Worlds: Tony Martin soothes his own doubts with fourth time trial title
German on his departure from Etixx-QuickStep
Everything in its right place. Tony Martin (Germany) regained the rainbow jersey of world time trial champion in Doha on Wednesday after two years of tweaking his position on the bike eventually saw him simply tear up his plans and start all over again.
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The nadir for Martin came at the Olympic Games in August. After taking silver in London four years ago, he made the race the centrepiece of his 2016 campaign, but could only manage a disappointing 12th place in Rio.
Somewhere during the period of soul-searching that followed that forlorn Brazilian expedition, Martin opted to return to some old habits. His original time trial position may not have been the most aerodynamic, but it was fit for purpose. It had, after all, carried him to three successive world time trial titles, between 2011 and 2013.
Victory in the time trial stage of the Tour of Britain – only his second win against the watch all season – was an affirmation that Martin's decision was a sage one, and he travelled to the UCI Road World Championships with cautious optimism. Those unsteady hopes began to take firmer roots when Martin led Etixx-QuickStep to victory in Sunday's team time trial.
"I have to say I've had a pretty tough almost three years now because I couldn't show my real level in the TT," Martin said on Wednesday. "I was almost on the point where I had to ask myself if I was still a big time triallist or if I was on the way down.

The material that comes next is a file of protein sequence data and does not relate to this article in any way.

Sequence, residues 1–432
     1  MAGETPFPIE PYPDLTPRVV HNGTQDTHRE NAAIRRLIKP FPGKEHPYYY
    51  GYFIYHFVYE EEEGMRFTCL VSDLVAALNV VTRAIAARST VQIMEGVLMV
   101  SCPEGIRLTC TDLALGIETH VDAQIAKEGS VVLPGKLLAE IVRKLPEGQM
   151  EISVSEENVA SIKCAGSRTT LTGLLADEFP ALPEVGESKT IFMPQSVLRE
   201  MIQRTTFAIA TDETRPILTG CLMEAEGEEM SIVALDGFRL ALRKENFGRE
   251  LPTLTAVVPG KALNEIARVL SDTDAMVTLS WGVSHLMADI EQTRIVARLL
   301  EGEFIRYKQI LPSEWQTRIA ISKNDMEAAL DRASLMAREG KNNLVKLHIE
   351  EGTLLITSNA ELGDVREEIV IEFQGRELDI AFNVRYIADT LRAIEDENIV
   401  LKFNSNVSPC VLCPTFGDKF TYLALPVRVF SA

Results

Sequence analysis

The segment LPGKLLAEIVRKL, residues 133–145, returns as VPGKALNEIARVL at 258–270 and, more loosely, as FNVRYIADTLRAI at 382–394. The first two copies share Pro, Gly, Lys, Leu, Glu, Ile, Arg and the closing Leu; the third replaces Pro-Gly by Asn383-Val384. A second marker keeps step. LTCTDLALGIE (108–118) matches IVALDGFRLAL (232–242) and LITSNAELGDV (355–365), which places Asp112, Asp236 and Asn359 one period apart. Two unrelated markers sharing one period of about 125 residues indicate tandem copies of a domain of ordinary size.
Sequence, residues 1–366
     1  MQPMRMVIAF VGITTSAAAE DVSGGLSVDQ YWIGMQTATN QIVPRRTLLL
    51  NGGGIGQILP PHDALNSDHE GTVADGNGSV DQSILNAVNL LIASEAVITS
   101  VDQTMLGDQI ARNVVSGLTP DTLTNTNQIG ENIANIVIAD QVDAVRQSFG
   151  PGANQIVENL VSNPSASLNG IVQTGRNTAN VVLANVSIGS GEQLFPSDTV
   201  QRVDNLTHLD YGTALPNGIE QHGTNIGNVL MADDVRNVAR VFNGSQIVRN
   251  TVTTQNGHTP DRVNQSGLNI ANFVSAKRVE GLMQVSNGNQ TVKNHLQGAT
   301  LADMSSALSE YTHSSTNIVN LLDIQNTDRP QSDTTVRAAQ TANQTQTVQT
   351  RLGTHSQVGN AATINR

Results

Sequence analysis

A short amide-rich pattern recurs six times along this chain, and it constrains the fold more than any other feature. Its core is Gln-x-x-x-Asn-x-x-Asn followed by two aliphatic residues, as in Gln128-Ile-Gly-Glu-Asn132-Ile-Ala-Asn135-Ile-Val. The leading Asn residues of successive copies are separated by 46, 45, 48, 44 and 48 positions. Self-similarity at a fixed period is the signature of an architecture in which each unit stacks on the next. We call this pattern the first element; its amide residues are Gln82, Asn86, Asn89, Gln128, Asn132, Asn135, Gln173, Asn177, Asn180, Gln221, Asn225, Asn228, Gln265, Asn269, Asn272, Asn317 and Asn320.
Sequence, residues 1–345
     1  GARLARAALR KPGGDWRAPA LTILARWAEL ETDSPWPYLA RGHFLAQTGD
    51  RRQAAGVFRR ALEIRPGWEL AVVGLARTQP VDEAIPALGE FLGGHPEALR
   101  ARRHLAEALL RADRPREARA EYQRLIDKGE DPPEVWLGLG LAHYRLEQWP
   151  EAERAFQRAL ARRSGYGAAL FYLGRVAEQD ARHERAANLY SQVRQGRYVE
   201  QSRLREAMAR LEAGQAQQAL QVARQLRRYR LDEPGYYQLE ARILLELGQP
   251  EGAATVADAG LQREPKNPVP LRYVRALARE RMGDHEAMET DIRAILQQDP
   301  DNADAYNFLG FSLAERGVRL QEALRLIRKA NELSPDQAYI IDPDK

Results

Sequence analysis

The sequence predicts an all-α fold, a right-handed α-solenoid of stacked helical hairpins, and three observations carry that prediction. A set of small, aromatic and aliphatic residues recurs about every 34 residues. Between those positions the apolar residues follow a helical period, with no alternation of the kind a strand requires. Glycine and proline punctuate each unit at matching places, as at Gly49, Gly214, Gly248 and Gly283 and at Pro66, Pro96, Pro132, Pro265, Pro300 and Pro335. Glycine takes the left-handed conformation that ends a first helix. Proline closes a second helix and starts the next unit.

"But going back to the old position on the time trial bike gave me a lot of confidence, I have to say. I felt like another rider, in fact, and the people around me said that I was starting to look like another rider compared to the last months. I was really relaxed before the start. I was just looking forward to the race today."
With the Worlds coming so late in an Olympic year, many of the usual favourites arrived in Doha in varying states of form, and when Irishman Ryan Mullen's fine early time proved well beyond the scope of some later starters with the loftiest of reputations, it seemed as though the final results sheet might take on a rather surprising hue.
While Rohan Dennis (Australia) and Tom Dumoulin (Netherlands) faltered, each victims of their long, long seasons, Martin was smooth throughout the 40-kilometre test. Three seconds clear of reigning champion Vasil Kiryienka (Belarus) at the first time check, he led by 22 seconds by the 26.4-kilometre mark. Come the finish, Kiryienka was the only man within a minute of Martin's time, and he still trailed by 45 seconds – almost a whole kilometre per hour slower than the German's average speed of 53.671kph.
"I really didn't expect to win today," Martin insisted. "I had a plan and I just knew that I had to follow my rhythm. I couldn't pay too much attention to the split times, especially in this heat. But I was pretty surprised to have the best time at the first split, so that was good for morale. Then after I had a big gap at the second split, that made my morale even bigger."
Martin is rarely the most expressive of riders – in the immortal words of Brian Holm, "He isn't exactly Eddie Murphy, is he?" – but his joy was obvious on crossing the finish line on Doha's Pearl, as he unclipped unsteadily from his pedals and began to punch the air in celebration even before he had extricated himself fully from his bike.